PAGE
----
Changing the prefix to your WordPress database tables during the installation of your blog is simple.  The installation process will ask you not only for the database name, user, and password, but also the database prefix that you wish to use for your tables.  To increase WordPress Security, simply alter the default database prefix “wp_” to something else.  This prefix can be anything, such as a shortened version of your blog name, or something completely random.  Many times, when I am installing a blog, I will use a prefix like “greengrass_” or something else completely unrelated to the blog.  This increases WordPress security even more.WordPress Security: Changing Your Database Prefix During an Install.


Changing the Default WordPress Database Prefix After Installing WordPress

Now you may be asking, “What if I have already installed my blog?  Can I change the prefix of my WordPress database now to increase my WordPress security?”  Yes, even though this a bit more difficult than doing it when you first set your blog up, it is quite possible to make this change after you blog is installed.  To do this WordPress security upgrade, you are going to need to set aside approximately 10 minutes to make the changes.  During this period of time, your blog is going to be down, so you may wish to put up a maintenance page until you are through.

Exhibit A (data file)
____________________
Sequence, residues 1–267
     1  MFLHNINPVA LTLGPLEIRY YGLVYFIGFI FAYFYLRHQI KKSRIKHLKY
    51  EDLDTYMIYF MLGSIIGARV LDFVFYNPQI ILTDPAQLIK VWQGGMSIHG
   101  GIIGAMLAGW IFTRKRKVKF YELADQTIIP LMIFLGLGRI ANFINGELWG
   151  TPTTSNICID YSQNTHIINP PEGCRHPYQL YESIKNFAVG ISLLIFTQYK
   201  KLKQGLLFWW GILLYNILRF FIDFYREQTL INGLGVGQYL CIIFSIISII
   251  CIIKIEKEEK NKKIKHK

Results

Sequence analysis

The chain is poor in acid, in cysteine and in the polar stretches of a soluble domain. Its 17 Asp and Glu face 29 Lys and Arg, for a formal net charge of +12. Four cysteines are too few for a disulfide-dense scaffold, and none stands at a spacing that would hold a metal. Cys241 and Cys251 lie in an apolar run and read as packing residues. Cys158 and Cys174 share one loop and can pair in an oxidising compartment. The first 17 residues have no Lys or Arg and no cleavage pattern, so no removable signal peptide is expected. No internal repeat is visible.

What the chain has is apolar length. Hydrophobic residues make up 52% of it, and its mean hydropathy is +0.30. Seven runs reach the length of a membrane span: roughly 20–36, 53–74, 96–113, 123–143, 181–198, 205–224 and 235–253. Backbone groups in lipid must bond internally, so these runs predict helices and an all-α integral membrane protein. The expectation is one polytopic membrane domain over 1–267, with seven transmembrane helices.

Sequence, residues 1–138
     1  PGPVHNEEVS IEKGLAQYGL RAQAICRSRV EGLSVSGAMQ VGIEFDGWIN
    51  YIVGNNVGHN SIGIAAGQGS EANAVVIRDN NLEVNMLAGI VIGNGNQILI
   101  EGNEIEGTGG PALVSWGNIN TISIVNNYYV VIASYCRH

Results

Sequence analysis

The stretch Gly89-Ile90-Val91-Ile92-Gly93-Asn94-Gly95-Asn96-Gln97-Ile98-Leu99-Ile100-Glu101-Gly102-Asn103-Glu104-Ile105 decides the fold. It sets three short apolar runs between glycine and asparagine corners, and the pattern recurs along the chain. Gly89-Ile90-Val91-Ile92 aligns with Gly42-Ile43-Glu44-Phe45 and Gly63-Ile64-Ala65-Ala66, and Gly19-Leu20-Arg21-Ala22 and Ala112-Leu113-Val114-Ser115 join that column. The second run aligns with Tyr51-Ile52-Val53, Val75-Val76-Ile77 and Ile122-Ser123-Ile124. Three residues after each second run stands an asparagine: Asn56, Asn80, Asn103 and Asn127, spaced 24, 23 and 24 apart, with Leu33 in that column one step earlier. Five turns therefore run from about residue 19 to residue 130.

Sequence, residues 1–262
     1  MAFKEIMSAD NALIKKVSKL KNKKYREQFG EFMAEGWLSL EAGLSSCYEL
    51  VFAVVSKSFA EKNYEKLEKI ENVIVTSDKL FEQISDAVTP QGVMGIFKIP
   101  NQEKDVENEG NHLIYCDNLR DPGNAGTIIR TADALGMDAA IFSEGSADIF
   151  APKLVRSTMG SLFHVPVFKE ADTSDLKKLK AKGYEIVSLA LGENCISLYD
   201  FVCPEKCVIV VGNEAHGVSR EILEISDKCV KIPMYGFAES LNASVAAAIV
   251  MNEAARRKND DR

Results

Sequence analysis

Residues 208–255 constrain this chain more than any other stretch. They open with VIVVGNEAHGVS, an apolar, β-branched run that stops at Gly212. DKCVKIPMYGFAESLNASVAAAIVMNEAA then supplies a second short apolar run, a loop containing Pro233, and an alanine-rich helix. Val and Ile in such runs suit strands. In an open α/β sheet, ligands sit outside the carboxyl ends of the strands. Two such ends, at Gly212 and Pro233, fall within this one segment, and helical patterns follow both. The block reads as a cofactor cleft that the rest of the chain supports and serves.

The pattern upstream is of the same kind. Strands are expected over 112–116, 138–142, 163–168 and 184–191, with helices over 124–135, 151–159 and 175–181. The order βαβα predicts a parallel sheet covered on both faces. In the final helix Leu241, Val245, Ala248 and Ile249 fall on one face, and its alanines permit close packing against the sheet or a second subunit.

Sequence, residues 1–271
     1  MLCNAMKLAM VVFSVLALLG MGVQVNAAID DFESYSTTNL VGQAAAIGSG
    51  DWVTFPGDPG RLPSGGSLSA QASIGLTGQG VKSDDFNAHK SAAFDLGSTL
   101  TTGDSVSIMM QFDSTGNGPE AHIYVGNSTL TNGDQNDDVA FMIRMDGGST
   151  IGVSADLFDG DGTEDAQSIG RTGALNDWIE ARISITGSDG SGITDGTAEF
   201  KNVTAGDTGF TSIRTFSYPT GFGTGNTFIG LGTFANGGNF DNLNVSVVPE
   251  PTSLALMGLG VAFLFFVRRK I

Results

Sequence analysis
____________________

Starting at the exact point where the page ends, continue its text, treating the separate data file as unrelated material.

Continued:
1. As always, before making any type of changes to your WordPress database, you should do a database backup.  The method to actually back your database up is going to vary from hosting company to hosting company, and from control panel to control panel, therefore, I do not intend to cover those specifics here.

2. Next, in your wp-config.php file, you are going to edit your database prefix from “wp_” to something more secure.  The line to actually edit is line 65, and will read $table_prefix  = ‘wp_’;.  You can change this to an abbreviated form of the name of your blog, such as “tbr_”, or you could do something completely random, such as “wp_kG^#18Uh”.  The more randomness you add here, of course, the better your WordPress security is increased.

3. Now you will need to make some edits to your database itself, changing the prefix to match the one that you came up with in Step 2.  Using PHPMyAdmin, or whatever program that your hosting company has for you to manage your database, you will need to run the following SQL commands to change the WordPress database prefix to the one that you changed it to in wp-config.php.  In the example below, you will change “new_prefix_” to whatever new database prefix it is that you have decided to use.

RENAME table `wp_commentmeta` TO `new_prefix__commentmeta`;
RENAME table `wp_comments` TO `new_prefix__comments`;
RENAME table `wp_links` TO `new_prefix__links`;
RENAME table `wp_options` TO `new_prefix__options`;
RENAME table `wp_postmeta` TO `new_prefix__postmeta`;
RENAME table `wp_posts` TO `new_prefix__posts`;
RENAME table `wp_terms` TO `new_prefix__terms`;
RENAME table `wp_term_relationships` TO `new_prefix__term_relationships`;
RENAME table `wp_term_taxonomy` TO `new_prefix__term_taxonomy`;
RENAME table `wp_usermeta` TO `new_prefix__usermeta`;
RENAME table `wp_users` TO `new_prefix__users`;